9
\$\begingroup\$

I want to record some lectures I am giving next semester. I have a video camera, and can change its direction using a servo of some sort. However I have no idea how to detect where I am. Me carrying some broadcasting device would be fine. Mostly the sensitivity should be able to determine if I am in the left or right side of the room, but I do not need much more than that.

\$\endgroup\$
6
  • 1
    \$\begingroup\$ The easiest way would be to use a computer and a webcam. The computer runs motion tracking along where your head and shoulders are then controls the servo. The tracking algorithm is as simple as looking for the mean of the location of the pixels with the most change....Or do you not have a computer available? \$\endgroup\$
    – Chris H
    Nov 29 '10 at 6:57
  • \$\begingroup\$ @Chris H, if you have info on such an easily available functional program I think it would make a perfect answer. \$\endgroup\$
    – Kortuk
    Nov 29 '10 at 16:01
  • \$\begingroup\$ Well, I don't know of any specifically, but consider OpenCV. You can apply a crop then a motion tracking function. Cropping is just to make sure that you don't pick up other things moving. It should come out to about 100 lines of code total. Probably easier to code it yourself than to configure and learn another program, especially since you need to interface with a motor afterwards. \$\endgroup\$
    – Chris H
    Nov 29 '10 at 17:05
  • \$\begingroup\$ Could someone tell me what the right way to act is if there are two answers given that are equally valid; do I just choose one at random to be the answer? \$\endgroup\$
    – kasterma
    Dec 3 '10 at 4:53
  • \$\begingroup\$ @kasterma: Yes, though if you actually implemented one instead of another, I'd pick that. You can always vote them both up. \$\endgroup\$
    – Nick T
    Dec 3 '10 at 5:54
9
\$\begingroup\$

You could wear some simple IR LEDs, you could then also place a number of IR receivers, just simple IR photo-diodes would work, with a narrow viewing angle.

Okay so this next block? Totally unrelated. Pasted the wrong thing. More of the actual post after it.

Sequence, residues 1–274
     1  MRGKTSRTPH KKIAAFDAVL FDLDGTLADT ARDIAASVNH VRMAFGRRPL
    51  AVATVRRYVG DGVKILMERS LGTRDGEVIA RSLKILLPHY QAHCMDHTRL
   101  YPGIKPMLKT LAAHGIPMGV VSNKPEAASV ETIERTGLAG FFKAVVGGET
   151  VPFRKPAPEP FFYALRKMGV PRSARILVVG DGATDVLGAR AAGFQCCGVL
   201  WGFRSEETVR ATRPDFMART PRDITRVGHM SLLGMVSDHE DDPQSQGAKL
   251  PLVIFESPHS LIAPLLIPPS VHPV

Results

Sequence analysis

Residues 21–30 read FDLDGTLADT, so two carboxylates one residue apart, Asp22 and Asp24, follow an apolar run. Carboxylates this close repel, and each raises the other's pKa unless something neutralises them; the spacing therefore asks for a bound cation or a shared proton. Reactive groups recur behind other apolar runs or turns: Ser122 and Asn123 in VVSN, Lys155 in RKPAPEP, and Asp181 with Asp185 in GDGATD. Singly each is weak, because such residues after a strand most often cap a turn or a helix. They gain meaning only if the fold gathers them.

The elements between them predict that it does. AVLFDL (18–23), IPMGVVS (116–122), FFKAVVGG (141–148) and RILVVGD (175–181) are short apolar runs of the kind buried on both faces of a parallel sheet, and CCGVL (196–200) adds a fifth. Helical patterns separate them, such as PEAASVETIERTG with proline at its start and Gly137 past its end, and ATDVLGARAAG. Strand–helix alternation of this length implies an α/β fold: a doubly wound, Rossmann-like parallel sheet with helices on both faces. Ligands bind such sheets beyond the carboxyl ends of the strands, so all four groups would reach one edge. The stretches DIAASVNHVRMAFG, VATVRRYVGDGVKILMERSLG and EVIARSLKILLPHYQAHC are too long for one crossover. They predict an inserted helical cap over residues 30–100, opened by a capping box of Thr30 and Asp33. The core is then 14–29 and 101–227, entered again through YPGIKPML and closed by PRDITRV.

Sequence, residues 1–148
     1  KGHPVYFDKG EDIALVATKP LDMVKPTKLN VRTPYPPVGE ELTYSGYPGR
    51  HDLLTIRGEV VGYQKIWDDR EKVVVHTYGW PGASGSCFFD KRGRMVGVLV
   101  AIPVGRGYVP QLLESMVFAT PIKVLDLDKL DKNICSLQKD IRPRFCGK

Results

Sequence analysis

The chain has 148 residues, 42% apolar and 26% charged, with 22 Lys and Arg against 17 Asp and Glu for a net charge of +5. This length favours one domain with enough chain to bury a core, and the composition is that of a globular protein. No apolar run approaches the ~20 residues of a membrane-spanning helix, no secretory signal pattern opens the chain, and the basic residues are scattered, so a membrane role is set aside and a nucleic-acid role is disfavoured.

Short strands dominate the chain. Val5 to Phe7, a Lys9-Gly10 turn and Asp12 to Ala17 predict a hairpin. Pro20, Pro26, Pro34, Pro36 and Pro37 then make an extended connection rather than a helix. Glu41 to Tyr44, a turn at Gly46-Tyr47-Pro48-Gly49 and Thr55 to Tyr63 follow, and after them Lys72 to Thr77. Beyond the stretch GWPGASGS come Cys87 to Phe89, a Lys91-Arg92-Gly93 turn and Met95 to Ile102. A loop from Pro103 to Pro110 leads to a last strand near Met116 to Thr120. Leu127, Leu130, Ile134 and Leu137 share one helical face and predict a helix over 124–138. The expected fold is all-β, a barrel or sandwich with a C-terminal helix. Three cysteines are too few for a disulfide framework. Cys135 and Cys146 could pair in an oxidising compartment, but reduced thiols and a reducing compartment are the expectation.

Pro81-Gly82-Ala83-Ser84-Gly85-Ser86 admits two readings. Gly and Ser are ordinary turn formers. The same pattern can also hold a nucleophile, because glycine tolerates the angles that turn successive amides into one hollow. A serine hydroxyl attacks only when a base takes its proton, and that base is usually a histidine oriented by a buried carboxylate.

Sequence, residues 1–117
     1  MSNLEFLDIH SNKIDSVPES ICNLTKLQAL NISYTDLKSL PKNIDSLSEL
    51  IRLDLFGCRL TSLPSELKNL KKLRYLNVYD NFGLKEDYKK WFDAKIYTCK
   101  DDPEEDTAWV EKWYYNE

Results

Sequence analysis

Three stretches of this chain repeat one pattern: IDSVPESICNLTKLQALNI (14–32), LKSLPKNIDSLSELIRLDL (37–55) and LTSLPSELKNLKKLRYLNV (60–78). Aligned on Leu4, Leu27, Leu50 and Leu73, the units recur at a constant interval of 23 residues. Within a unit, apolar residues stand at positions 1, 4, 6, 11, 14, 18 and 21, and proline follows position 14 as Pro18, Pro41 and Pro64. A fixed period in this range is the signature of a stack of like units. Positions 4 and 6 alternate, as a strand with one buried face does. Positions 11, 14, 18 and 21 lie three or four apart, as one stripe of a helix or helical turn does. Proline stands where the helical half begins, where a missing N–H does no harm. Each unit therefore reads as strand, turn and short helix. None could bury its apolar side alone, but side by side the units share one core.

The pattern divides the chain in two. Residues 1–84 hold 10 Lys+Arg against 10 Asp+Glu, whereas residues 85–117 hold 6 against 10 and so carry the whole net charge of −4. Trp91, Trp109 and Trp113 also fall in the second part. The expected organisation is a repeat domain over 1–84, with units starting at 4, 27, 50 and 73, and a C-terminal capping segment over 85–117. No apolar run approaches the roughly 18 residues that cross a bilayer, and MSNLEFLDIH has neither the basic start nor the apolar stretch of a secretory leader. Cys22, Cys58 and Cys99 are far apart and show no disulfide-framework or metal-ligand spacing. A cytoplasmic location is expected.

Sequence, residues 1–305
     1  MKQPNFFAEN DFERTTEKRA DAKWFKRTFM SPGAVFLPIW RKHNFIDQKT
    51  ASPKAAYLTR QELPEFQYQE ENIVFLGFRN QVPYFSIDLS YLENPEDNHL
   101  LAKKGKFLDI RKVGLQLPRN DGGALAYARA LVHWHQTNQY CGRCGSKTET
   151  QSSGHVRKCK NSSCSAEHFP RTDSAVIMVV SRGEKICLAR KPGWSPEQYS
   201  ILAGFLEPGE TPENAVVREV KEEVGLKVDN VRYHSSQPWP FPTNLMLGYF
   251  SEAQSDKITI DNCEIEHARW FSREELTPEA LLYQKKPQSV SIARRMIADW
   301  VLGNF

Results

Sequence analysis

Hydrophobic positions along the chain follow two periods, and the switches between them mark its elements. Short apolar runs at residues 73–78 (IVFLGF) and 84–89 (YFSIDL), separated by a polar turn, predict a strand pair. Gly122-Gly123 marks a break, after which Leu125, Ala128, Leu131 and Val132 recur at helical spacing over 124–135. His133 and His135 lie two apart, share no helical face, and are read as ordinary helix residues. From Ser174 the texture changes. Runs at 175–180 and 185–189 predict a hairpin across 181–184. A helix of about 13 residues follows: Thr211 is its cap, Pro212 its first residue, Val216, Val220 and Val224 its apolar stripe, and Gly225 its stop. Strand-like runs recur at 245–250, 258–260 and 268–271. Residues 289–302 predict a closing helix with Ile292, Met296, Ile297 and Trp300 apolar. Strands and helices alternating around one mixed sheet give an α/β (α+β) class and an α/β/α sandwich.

If you place these around the base of the camera and then have a microcontroller read which one has the greatest signal you can point the camera towards the IR source.

Sounds complicated, but it is very simple, and does not require a computer. The hardware is easy to do, although you will probably find in noisy environments (bright light) you will want to modulate your IR to get away from broadband noise you receive.

\$\endgroup\$
6
  • \$\begingroup\$ I've tried this actually, works unless there are large windows. \$\endgroup\$
    – Chris H
    Nov 29 '10 at 17:07
  • \$\begingroup\$ @Chris H, a large window is just a challenge for me to get a brighter IR emitter. Often modulation can significantly help with the background IR problem of Sunlight or florescent lights. \$\endgroup\$
    – Kortuk
    Nov 29 '10 at 17:09
  • \$\begingroup\$ This sounds like a very nice solution, I do not know what you mean when you suggest I modulate my IR though. Do you mean I should pulse the IR LED at a known frequency, and then try do detect just that frequency with the receiver? \$\endgroup\$
    – kasterma
    Nov 29 '10 at 18:23
  • \$\begingroup\$ @kasterma, Yes, that is what I mean. You pulse the IR LED at 40KHz for example, and then make a filter at 40KHz on the receivers so that you ignore the broadband IR the Sun and lights emit. You may need to adjust the frequency to avoid the frequency that your florescent lights give off. you can try it without this modulation first to see if it meets specs as it is easier to do. \$\endgroup\$
    – Kortuk
    Nov 29 '10 at 20:17
  • \$\begingroup\$ I've seen this done with a Nintendo Wii. Very cool. +1 \$\endgroup\$
    – tyblu
    Dec 3 '10 at 5:33
7
\$\begingroup\$

What you are looking for may be related to "blob tracking". It's a commonly used technique in robotics and vision processing.

Depending on your programming chops, you can use OpenCV (open source computer vision libraries) available in both C++ and Python. Other languages may have libraries that support blob tracking. I believe that LabVIEW and Matlab also have libraries to support this.

Generally, the setup will be a computer processing the video and finding a blob (you) of a particular color. You can then use the information of the position of the blob in the camera frame to determine where to point the camera. If you are, for example, driving the servo on the camera with an Arduino (or any other microcontroller), you can send commands via the serial port to update the desired position of the camera. When the blob leaves some desired "box" in the center of the frame.